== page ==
Author

C Chapman

Year

2018

Degree Name

BEnviSci Hons

Department

School of Earth & Environmental Sciences

Advisor(s)

James Wallman

Abstract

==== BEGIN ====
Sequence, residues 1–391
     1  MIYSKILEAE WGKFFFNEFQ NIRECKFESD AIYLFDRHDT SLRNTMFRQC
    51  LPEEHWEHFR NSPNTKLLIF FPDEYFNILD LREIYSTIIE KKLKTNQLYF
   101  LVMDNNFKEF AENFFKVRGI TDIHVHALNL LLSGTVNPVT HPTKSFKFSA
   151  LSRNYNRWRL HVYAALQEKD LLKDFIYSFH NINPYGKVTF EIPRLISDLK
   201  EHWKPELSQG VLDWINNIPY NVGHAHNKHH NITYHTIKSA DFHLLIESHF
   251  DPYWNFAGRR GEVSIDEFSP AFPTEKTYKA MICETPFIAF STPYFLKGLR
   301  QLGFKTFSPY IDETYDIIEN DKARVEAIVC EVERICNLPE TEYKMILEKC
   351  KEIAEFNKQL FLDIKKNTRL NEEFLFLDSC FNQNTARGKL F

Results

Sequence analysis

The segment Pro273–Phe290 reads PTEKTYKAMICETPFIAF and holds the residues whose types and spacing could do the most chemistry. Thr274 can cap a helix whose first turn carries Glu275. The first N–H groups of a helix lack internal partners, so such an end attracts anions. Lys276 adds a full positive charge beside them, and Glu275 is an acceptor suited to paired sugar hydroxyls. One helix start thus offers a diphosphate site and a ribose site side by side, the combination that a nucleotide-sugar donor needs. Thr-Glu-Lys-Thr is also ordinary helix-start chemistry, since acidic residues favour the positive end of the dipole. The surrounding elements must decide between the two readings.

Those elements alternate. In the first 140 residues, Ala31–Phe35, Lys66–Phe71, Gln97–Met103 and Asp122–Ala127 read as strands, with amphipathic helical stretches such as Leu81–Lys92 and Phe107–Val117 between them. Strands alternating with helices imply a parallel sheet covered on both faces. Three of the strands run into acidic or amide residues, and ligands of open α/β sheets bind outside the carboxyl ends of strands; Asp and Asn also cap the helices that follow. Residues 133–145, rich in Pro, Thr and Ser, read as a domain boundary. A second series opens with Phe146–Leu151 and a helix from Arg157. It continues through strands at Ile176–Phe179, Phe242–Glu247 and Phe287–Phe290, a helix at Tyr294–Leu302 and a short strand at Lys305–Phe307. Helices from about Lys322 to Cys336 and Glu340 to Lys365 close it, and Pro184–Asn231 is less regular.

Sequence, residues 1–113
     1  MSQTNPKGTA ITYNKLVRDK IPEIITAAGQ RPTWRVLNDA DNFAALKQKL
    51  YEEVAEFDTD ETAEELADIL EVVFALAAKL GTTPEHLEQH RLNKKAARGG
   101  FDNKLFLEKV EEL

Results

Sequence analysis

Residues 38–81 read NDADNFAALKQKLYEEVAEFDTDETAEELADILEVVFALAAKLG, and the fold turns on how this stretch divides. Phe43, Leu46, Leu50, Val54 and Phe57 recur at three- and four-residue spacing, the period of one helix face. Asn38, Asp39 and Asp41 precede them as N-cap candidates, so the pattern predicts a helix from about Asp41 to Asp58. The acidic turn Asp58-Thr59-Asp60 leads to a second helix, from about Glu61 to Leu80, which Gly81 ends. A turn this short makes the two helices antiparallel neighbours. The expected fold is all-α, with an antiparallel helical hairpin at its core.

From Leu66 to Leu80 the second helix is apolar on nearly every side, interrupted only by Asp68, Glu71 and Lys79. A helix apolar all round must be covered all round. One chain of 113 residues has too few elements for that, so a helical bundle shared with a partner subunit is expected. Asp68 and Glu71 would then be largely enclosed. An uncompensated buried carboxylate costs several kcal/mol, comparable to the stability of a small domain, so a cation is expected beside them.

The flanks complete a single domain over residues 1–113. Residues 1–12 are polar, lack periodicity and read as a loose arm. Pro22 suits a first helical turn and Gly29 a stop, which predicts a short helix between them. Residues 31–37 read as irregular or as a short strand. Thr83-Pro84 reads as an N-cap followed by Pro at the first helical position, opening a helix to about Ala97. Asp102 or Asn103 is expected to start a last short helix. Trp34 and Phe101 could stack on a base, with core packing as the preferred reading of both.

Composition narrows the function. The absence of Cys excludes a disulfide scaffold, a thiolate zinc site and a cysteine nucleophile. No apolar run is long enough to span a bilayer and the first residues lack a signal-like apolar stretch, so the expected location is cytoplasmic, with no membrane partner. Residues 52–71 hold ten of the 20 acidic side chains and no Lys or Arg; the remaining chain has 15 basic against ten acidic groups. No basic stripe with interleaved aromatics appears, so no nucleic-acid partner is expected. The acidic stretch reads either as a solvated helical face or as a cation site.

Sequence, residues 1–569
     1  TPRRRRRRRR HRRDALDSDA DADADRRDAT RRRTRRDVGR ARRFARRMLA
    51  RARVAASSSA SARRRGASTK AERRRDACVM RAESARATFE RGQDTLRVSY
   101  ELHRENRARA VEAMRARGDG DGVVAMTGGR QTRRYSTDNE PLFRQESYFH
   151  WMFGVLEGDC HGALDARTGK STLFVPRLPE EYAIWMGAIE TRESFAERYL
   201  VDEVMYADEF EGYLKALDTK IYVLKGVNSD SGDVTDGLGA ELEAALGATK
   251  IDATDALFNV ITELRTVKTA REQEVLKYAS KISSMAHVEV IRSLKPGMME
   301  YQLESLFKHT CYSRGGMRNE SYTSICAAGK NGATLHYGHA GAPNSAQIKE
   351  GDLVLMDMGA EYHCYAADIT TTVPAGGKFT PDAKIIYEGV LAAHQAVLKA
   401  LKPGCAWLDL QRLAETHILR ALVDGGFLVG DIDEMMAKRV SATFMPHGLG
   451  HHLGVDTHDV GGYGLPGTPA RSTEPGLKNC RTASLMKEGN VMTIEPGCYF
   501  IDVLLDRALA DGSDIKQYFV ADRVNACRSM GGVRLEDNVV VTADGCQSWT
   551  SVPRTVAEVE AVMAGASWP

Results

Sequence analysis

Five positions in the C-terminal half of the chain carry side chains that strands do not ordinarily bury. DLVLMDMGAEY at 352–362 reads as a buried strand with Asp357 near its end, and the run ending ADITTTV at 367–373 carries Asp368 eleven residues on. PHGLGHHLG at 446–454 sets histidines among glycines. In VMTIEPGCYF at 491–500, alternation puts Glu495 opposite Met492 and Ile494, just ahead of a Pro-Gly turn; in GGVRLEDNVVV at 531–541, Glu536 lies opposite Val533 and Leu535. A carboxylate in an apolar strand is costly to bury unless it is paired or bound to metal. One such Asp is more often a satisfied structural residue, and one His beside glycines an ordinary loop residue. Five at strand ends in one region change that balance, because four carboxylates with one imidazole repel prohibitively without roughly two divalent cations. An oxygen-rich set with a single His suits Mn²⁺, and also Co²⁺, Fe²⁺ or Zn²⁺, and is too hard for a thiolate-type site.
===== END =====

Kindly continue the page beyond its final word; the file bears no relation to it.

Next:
Onychophorans are a fascinating phylum of terrestrial invertebrates that form a group with the Arthropoda and Tardigrada known as Panarthropoda (Campbell et al. 2011). Diversity among the Onychophora has been grossly underestimated as their conserved morphology results in the prevalence of cryptic species, whereby two or more species may be grouped under one species name if gross morphology alone has been used as the only means of identification. In recent years, more detailed morphological analyses and the application of molecular analyses has shed more light on diversity among the Onychophora. Within this phylum, two families have been recognised, the Peripatopsidae and Peripatidae, with a lack of any higher taxonomic ranks. The family Peripatopsidae are found in Australia, New Zealand, South Africa, and New Guinea and currently consists of many monotypic genera. One of these, Anoplokaros, with its single species Anoplokaros keerensis Reid, 1996, was originally suggested to comprise a likely cryptic species-complex (Reid 1996). This hypothesis was tested within this study, employing an integrative taxonomic approach, involving both molecular and morphological analyses. It was revealed that three putative novel species are present within the Illawarra region, that were previously believed to be populations of A. keerensis. Unique morphological characters were observed in most of the populations examined, although these were not necessarily congruent with the mtDNA COI sequences. Morphological descriptions were also prepared for additional specimens that were not included in the phylogenetic analyses that could be used as a baseline to facilitate future revisions of these putative A. keerensis populations.

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